The price of gold was lower on Tuesday following the surprisingly weak construction spending in the United Sates. The country’s manufacturing figures pressured the dollar index down, however it was pushed by an arrangement that prevented the closing of government.
U.S. gold futures were $12.80 to finish at $1,255.50 per ounce for their June delivery following its decline by 1 percent on the previous trade. Spot gold as well was lower; it fell by 0.97 percent to end at $1,255.39 per ounce.
Negotiators from the U.S. congress pummelled out a bipartisan compromise regarding a spending package to continue funding the federal government through September 30, this prevents the shutdown of the government and will diminish the demand for paying gold.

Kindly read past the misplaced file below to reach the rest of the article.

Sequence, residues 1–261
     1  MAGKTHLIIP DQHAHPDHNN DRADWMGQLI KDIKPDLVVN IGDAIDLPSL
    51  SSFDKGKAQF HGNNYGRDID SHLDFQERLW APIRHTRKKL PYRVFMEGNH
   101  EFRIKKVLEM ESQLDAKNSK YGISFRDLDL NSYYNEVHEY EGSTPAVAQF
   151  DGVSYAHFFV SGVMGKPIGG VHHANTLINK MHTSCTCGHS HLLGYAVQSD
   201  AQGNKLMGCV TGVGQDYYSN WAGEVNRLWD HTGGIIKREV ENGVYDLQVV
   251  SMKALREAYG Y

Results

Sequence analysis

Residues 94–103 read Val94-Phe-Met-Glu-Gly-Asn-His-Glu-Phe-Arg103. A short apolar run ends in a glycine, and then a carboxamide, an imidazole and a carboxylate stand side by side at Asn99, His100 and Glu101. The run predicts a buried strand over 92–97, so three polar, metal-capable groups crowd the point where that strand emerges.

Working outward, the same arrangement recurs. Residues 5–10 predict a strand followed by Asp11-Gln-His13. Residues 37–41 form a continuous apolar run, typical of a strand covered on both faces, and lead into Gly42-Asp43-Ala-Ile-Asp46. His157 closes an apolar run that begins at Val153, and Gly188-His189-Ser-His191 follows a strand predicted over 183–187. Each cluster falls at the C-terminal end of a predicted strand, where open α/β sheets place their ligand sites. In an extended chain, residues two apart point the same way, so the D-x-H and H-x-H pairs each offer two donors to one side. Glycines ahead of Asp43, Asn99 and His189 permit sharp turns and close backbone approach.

CIBC Capital Markets’ senior economist Royce Mendes said the ISM Manufacturing Index level now is a sign of healthy progress on the sector; however it is significant to witness that certain level on hold. Mendes added that the results in general were slightly worse than anticipated and he has seen the yields fall and the U.S. currency slacken.
According to a U.S. government figure shown last Friday, money supervisors have boosted their net long position in COMEX gold futures for six weeks straight to April 25.
Edward Meir, an INTL FCStone analyst, perceives that the yellow metal is keeping a correspondingly higher trading range for this month as the concerns surrounding the Korean Peninsula will command more attention. North Korea said that I will resume on testing nuclear weapons.
Meanwhile other precious metals also fell. Palladium was 0.97 percent lower to $815.50. Platinum dropped by 1.28 percent to $931.50. Spot silver edged down by 1.95 percent to $16.85 per ounce.